Word of the Day: Fraught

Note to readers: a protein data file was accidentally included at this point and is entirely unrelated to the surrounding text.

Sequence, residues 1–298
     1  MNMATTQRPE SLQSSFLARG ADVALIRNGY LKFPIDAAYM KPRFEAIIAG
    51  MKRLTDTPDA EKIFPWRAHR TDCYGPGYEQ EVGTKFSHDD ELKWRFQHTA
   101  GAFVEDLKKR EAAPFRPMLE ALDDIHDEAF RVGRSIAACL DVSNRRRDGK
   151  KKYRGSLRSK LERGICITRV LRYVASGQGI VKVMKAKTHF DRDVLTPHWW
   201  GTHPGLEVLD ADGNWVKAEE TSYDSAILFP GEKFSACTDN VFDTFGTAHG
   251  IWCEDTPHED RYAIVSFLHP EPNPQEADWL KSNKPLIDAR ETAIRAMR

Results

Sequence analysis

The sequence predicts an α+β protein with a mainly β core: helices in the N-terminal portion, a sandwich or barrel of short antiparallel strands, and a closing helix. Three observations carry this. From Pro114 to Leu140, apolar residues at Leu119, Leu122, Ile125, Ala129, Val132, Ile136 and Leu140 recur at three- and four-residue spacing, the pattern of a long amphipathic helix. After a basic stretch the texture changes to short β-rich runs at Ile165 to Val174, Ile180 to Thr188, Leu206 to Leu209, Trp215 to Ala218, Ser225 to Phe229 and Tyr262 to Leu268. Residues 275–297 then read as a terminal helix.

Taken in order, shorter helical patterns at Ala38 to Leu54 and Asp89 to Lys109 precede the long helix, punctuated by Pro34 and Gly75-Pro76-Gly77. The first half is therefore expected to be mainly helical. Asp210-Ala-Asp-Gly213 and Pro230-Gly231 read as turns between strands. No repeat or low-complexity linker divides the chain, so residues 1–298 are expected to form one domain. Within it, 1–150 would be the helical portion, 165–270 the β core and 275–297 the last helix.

fraught fraught / frôt   adjective      1. filled (with); accompanied I was always fraught with guilt, and it’s such a waste of an emotion. Kyra Sedgwick, 1965 –   2. uneasy; causing anxiety, tension or distress I’m attracted to how fraught the parent-child relationship is, swerving so easily between love and hostility, with almost no plausible way to end, unless someone dies. Ben Marcus, 1967 –   3. (archaic) loaded; carrying a heavy load I reason’d with a Frenchman yesterday, Who told me, in the narrow seas that part The French and English, there miscarried A vessel of our country richly fraught. From “The Merchant of Venice” by William Shakespeare, 1564 – 1616   noun 1. (primarily Scottish, archaic) cargo, freight Not quitting thy supreme command, Thou held’st the rudder with a steady hand, Till safely on the shore the bark did land; The bark that all our blessings brought, Charg’d with thyself and James, a doubly royal fraught. From “Threnodia Augustalis: A Funeral-pindarique Poem Sacred to the Happy Memory of King Charles II” by John Dryden, 1631 – 1700